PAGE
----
At the Pembroke Center, real-world questions and commitments are integral to our scholarly and research mission. Since 1981, scholars at the Pembroke Center have interrogated the underpinnings and history of the categories used to differentiate individuals and groups—including gender, sexuality, race, ethnicity, religion, nationality, citizenship and class—and how those categories intersect. In 2020-21, the impact of those forms of difference on daily life were brought into sharp relief as our global and local community contended with the continuing Covid-19 pandemic and efforts to reckon with systemic racial injustice against a backdrop of political polarization; misinformation; health, labor and economic inequities and climate crises.
To prioritize the health and safety of our community, the Pembroke Center adopted virtual and hybrid programming and teaching formats. We were particularly concerned about our students’ well-being, resources, and learning and living environments as they adapted to a virtual or hybrid classroom experience, and we strove to support all of our students, including our international and graduate students whose travel, research and teaching plans were altered by visa, travel and other restrictions.
The many ways our community came together were encouraging and inspiring, and we are grateful that we were able to engage meaningfully with our vibrant network of student, scholars and friends, and endlessly impressed by their seriousness of purpose and perseverance.
2020-21 at a Glance
Undergraduate students in the Gender and Sexuality Studies Program (GNSS) showed tremendous commitment and dedication to their scholarship and research in the 2020-21 academic year, despite the constraints the pandemic placed on the University's operations. Students from across the University enrolled in the 12 GNSS courses the Pembroke Center offered last year and explored the construction of gender and sexuality in social, cultural, political, economic, and scientific contexts. Students examined how gender and sexuality intersects with public policy, how trans and feminist movements interrelate, how sexual commerce can help shape the cultural identity of a city, how issues of gender, sexuality and difference relate to financial practices, and much more. In their theses and via grants, GNSS students and concentrators broke new ground with research projects on race, power, and family-making; American nationalism in women's magazines; and the relationship between reproductive justice and citizenship, among other topics.
Graduate students in the GNSS certificate program gained specialized professional training in critical methods informed by feminist, queer, trans, and intersectional approaches to difference and participated in a community of scholars dedicated to advancing current conversations in GNSS and developing theoretical frameworks. Whitney Arey, who completed her PhD in the Department of Anthropology at Brown in 2021 with a graduate certificate in Gender and Sexuality Studies, won the Marie J. Langlois Dissertation Prize for “Abortion as Care: Affective and Biosocial Experiences of Abortion Access and Decision-Making.” Katherine A. Mason, Vartan Gregorian Assistant Professor of Anthropology and Arey's advisor, described the dissertation as "a transformative account of abortion in the US." Dr. Arey is now a postdoctoral scholar at the Population Research Center at the University of Texas at Austin.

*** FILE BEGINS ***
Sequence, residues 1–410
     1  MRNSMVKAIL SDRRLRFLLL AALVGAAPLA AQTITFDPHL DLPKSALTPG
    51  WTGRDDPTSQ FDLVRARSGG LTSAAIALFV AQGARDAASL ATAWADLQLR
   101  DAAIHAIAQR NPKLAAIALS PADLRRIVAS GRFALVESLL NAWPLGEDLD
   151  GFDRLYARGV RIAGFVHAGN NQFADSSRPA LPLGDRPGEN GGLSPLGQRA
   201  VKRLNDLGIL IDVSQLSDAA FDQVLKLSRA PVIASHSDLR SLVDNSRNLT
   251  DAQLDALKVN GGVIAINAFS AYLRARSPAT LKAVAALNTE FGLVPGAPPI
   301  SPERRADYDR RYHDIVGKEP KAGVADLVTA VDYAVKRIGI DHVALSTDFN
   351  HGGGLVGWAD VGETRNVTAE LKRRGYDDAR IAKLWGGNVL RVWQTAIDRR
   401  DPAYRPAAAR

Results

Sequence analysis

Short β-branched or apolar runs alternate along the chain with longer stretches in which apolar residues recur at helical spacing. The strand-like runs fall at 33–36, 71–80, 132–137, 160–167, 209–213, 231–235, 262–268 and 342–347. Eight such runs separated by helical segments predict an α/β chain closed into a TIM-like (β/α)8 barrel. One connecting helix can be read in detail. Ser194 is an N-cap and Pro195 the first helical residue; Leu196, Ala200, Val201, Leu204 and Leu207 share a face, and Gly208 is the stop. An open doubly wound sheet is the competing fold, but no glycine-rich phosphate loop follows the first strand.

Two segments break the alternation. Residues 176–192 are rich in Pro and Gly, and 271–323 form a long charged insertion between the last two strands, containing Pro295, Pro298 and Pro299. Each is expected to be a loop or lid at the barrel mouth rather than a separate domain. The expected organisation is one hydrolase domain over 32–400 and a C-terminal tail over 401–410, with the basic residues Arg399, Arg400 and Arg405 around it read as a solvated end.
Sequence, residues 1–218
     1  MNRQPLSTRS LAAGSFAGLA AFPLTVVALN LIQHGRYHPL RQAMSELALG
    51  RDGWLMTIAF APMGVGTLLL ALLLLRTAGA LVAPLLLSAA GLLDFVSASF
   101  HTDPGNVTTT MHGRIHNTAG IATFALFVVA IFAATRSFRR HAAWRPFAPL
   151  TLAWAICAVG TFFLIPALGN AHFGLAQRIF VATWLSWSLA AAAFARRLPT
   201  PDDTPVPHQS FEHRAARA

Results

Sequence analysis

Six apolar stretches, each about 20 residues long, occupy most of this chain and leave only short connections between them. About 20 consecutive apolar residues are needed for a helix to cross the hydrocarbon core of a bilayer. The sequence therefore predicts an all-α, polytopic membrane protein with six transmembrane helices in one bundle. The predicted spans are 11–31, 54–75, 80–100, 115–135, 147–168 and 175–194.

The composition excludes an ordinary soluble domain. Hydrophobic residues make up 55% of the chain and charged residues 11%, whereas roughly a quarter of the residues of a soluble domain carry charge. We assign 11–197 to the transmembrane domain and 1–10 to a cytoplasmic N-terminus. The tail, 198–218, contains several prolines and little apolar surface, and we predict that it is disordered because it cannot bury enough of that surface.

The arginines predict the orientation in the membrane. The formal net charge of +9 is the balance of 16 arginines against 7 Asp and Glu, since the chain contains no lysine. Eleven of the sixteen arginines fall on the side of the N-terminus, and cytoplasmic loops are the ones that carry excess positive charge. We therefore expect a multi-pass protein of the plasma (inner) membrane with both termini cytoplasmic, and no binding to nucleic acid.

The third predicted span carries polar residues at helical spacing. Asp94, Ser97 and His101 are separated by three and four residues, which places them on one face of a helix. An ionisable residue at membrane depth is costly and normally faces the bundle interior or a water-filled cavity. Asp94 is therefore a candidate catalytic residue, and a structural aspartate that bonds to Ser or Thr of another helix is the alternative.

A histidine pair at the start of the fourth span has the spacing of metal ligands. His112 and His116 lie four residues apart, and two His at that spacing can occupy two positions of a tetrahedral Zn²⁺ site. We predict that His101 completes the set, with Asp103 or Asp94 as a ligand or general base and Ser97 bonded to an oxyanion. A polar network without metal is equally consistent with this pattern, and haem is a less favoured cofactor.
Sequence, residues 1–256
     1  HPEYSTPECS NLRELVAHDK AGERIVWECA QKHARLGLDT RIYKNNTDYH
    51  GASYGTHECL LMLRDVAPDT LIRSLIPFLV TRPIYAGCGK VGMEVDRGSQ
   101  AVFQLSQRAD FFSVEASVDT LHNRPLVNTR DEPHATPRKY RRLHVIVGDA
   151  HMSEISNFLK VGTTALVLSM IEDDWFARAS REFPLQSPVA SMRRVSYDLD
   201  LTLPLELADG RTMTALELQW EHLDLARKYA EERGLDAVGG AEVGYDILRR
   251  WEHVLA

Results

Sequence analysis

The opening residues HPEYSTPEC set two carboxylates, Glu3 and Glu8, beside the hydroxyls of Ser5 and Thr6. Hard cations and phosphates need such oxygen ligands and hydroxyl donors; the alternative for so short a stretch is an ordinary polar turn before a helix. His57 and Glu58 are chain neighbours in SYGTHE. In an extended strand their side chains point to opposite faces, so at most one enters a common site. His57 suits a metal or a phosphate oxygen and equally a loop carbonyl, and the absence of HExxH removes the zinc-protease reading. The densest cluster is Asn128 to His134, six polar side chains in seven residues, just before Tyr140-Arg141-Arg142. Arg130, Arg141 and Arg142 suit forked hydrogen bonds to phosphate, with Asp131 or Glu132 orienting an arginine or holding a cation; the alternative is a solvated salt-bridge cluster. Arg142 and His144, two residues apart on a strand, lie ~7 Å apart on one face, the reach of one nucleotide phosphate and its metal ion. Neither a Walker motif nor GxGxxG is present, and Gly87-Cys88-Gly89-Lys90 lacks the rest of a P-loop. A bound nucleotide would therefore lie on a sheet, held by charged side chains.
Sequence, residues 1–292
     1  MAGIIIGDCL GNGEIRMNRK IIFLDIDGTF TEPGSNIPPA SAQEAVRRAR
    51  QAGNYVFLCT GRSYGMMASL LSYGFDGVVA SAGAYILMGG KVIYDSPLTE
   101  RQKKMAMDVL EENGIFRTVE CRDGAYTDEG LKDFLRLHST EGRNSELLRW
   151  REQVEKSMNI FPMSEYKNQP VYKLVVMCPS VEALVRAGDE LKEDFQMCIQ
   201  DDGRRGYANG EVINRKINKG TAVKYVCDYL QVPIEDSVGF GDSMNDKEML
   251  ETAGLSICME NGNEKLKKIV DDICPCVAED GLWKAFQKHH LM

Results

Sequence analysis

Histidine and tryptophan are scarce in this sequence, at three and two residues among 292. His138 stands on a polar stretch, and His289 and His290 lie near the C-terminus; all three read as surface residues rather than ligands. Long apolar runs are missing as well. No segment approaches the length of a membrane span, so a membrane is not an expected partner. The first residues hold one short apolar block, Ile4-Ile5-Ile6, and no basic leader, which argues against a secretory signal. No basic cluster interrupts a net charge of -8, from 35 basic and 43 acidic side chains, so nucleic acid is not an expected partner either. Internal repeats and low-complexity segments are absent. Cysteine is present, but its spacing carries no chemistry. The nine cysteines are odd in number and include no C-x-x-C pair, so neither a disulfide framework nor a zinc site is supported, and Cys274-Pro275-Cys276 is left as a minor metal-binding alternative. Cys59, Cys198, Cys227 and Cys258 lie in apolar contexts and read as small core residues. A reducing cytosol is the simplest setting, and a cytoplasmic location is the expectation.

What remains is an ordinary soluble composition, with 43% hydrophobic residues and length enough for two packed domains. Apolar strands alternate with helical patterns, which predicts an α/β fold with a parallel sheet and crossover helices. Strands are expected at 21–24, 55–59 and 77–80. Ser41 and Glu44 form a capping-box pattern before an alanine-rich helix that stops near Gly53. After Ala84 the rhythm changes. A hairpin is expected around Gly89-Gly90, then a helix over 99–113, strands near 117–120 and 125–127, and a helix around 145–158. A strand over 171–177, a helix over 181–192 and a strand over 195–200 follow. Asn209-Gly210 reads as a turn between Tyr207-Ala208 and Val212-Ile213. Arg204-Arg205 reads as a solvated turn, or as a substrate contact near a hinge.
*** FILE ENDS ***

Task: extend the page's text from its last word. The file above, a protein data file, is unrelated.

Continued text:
The three 2020-21 Pembroke Center postdoctoral fellows infused our scholarly forums with fresh perspectives and our curriculum with three new courses.They were inventive in adapting their teaching to virtual formats and, as emerging scholars as well as instructors, bridged generations within the Pembroke Center community. The postdoctoral fellows also convened the research roundtable "Unsettling Accounts: Intersectional Approaches to the Politics of Debt," which examined the politics of debt within the histories and contemporary processes of racial capitalism, dispossession, colonialism, and gender oppression. The roundtable extended the discussion of the yearlong Pembroke Seminar and featured presentations by cutting-edge thinkers like Rocio Zambrana, Sarah Muir, Joanne Meyerowitz, Neferti X. M. Tadiar, Denise Ferreira da Silva, and Cheryl I. Harris.
differences: A Journal of Feminist Cultural Studies is a leading forum for exploring theoretical debates that address the ways concepts and categories of difference operate within culture. Across three issues published in 2020-21, in essays contributed by scholars from all over the world, the problematic of differences was explored in a wide range of contexts. The journal connects aspects of the Pembroke Center's scholarly, teaching, and research mission, and last year it published an issue guest-edited by Peter Szendy, convener of the 2020-21 Pembroke Seminar, that expanded the discussion of the central questions of the seminar and drew on work housed in the Pembroke Center Archives.